Microsoft’s $68.7bn acquisition of Activision Blizzard announced today can offer a fresh start for the beleaguered publisher, as well as fans of its games and esports, though there is still frustration that Bobby Kotick is retaining his job and a long road ahead to regaining trust with gamers.
Esports News UK editor Dom Sacco shares his thoughts on what the deal might mean for the industry and esports in the future.
Microsoft has shocked the gaming world today by announcing it will be acquiring the troubled games publisher Activision Blizzard in a deal worth $68.7bn (or $95 per share).
When the transaction closes, Microsoft will become the world’s third-largest gaming company by revenue, behind Riot Games’ owner Tencent and PlayStation company Sony.
The planned acquisition includes franchises from the Activision, Blizzard and King studios like Warcraft, Diablo, Overwatch, Call of Duty and Candy Crush, ‘in addition to global esports activities through Major League Gaming (MLG)’, which Activision Blizzard owns and I’ll come onto later.
It’s a huge deal, and as expected, there’s been a lot of corporate waffle coming from both Microsoft and Activision Blizzard around this announcement.
Microsoft spoke about the deal ‘providing building blocks for the metaverse’, this idea of a networked 3D worlds where people can interact in different spaces via avatars, linking virtual economies, VR and more.
Phil Spencer, CEO of Microsoft Gaming, said in this blog post: “Over many decades, the studios and teams that make up Activision Blizzard have earned vast wellsprings of joy and respect from billions of people all over the world.”
Yes, there’s no doubting huge franchises like World of Warcraft and Call of Duty have been popular, but respect? And ‘vast wellsprings of joy?’ Excuse me while I throw up.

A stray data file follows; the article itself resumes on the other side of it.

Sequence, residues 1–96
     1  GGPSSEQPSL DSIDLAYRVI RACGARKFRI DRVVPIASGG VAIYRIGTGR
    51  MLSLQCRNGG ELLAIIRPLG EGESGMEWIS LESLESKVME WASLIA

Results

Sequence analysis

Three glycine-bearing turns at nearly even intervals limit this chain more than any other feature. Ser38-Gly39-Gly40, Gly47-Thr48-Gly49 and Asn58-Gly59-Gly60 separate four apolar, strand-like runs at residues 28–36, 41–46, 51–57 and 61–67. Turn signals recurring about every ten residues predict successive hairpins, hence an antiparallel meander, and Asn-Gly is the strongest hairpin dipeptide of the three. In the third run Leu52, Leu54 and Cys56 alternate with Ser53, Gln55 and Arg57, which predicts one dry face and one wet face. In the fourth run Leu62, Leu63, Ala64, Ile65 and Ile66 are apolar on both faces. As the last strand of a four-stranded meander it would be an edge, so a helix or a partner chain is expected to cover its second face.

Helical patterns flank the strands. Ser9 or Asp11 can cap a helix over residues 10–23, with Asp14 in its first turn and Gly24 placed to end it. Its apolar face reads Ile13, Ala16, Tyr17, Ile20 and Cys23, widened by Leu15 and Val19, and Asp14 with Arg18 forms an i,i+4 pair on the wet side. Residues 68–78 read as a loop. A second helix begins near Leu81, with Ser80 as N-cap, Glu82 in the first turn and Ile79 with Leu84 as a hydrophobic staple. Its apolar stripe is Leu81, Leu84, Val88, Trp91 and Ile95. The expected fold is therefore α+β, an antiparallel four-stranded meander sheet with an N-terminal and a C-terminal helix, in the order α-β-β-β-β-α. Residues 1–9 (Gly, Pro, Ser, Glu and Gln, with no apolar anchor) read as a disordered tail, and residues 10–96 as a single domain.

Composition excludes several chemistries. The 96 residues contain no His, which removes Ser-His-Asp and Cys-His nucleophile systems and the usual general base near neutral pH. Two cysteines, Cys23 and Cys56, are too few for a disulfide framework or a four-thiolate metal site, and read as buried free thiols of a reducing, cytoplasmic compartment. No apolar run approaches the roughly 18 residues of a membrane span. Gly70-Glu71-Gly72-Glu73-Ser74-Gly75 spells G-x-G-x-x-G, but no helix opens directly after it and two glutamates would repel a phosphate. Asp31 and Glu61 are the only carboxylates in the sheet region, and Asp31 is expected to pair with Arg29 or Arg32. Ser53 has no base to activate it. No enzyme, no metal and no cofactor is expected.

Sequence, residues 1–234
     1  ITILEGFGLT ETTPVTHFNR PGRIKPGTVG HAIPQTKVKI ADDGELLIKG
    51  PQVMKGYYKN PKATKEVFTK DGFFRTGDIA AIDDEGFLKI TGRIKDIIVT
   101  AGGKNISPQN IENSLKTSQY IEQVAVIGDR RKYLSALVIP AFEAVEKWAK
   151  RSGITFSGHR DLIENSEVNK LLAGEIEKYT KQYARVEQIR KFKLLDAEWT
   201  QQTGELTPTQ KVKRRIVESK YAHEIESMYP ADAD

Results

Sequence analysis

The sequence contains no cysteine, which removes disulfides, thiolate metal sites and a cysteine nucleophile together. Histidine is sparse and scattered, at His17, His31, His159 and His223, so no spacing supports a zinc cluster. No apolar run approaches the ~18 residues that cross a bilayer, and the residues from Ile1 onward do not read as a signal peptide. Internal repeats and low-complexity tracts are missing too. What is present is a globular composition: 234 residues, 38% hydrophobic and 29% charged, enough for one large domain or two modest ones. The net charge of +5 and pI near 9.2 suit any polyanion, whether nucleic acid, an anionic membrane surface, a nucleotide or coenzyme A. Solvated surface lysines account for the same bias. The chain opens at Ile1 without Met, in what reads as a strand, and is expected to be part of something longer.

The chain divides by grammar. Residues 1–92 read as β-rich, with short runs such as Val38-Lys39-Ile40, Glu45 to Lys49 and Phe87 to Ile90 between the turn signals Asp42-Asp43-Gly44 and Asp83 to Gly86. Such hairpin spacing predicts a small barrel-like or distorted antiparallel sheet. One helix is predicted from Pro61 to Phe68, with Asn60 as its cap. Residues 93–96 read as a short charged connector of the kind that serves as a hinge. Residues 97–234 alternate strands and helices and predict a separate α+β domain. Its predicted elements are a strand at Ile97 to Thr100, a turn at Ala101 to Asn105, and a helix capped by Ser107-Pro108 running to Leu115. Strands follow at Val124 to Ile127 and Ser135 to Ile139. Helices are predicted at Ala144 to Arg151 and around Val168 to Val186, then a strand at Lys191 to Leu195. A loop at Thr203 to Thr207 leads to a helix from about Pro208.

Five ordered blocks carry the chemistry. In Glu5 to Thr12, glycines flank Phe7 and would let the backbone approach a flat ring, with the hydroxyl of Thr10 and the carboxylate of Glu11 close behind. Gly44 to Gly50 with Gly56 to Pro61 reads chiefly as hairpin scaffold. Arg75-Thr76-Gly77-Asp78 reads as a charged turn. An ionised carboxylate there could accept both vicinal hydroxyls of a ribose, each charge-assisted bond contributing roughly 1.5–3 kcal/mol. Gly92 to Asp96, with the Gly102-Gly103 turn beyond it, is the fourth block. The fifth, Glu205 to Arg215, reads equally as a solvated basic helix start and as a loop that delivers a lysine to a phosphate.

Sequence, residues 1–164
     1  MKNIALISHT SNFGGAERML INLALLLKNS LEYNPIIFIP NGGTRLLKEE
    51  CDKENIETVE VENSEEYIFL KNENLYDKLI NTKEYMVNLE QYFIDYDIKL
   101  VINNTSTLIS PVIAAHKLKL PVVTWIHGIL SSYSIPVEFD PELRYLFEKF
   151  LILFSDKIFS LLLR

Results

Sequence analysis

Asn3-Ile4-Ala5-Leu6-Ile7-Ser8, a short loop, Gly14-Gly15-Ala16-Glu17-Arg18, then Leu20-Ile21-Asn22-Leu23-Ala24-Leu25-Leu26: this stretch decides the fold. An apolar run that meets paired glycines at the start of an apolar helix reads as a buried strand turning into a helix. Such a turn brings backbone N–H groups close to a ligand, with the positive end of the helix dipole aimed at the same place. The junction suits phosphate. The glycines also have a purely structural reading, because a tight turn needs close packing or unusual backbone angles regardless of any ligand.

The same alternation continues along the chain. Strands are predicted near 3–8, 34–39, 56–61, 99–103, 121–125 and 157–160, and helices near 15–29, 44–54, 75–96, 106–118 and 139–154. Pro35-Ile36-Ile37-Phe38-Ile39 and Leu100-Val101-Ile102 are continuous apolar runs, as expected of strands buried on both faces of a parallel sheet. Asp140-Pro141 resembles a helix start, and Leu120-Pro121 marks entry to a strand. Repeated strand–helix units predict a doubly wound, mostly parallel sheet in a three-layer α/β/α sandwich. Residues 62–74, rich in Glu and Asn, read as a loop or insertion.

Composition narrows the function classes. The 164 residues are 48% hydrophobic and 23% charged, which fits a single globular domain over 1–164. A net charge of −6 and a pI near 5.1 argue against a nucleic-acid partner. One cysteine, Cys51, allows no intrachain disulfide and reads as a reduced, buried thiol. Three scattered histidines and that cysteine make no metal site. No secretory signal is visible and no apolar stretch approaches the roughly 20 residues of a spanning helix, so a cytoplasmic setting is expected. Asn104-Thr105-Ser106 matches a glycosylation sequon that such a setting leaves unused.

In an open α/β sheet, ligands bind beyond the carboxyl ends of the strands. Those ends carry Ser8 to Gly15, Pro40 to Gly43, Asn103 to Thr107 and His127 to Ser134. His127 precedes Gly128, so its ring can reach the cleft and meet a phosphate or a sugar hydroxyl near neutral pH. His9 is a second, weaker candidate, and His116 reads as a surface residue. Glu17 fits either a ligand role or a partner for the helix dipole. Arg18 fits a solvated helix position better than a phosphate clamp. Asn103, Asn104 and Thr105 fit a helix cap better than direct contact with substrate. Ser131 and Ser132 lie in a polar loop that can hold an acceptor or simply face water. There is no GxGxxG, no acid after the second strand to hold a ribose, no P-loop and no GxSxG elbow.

While Microsoft says Acti has earnt such joy from gamers, let’s not forget it has also earnt deserved criticism from them over the years, especially in more recent years. As per the section below.
Diversity, PR and the long road to regaining trust ahead
Acti has gone from controvery to controversy; it has seen a seemingly endless stream of PR disasters. The Hearthstone Blitzchung incident. The way it ended Heroes of the Storm esports. The Warcraft 3 Reforged disaster. The harassment scandals. The mass layoffs despite record profits. Staff that can’t afford lunch. Bobby Kotick. Its sorry treatment of the Diablo franchise (“do you guys not have phones?”). I could go on.
Activision Blizzard’s harassment scandals and generally poor treatment of staff has painted it as a greedy, unwelcome games company. Microsoft is clearly aiming to steer it in a better, fairer and more diverse direction in the future.
Phil Spencer said: “As a company, Microsoft is committed to our journey for inclusion in every aspect of gaming, among both employees and players. We deeply value individual studio cultures. We also believe that creative success and autonomy go hand-in-hand with treating every person with dignity and respect. We hold all teams, and all leaders, to this commitment. We’re looking forward to extending our culture of proactive inclusion to the great teams across Activision Blizzard.”
Microsoft CEO Satya Nadella added: “We will drive forward on renewed cultural commitments. We’ll have significant work to do to build a culture where everyone can do their best work, a welcoming and safe community for all of our customers.”
Of course Microsoft will say that things like this, but I do actually believe it will do as it says. Actions speak louder than words and the proof will be in the pudding, but this could be the fresh start that Activision Blizzard and its followers and staff need.
Microsoft certainly has a more diverse gaming leadership team than Acti:
Microsoft also currently has pretty good standing with gamers. It recently launched some impressive Halo Infinite esports plans, it’s not seen as greedy like EA is despite its huge size and stature, and is generally regarded as a family-friendly brand that has done decent things with the likes of Xbox, PC gaming, Minecraft and newer IPs like Sea of Thieves.
Microsoft has been hit and miss with buyouts in the past. Skype is hugely irrelevent now, but I like what they’ve done with Minecraft, opening it up into the world of education and bringing it to more platforms and children around the world. The fact Microsoft purchased Minecraft for $2.5bn is a steal, honestly.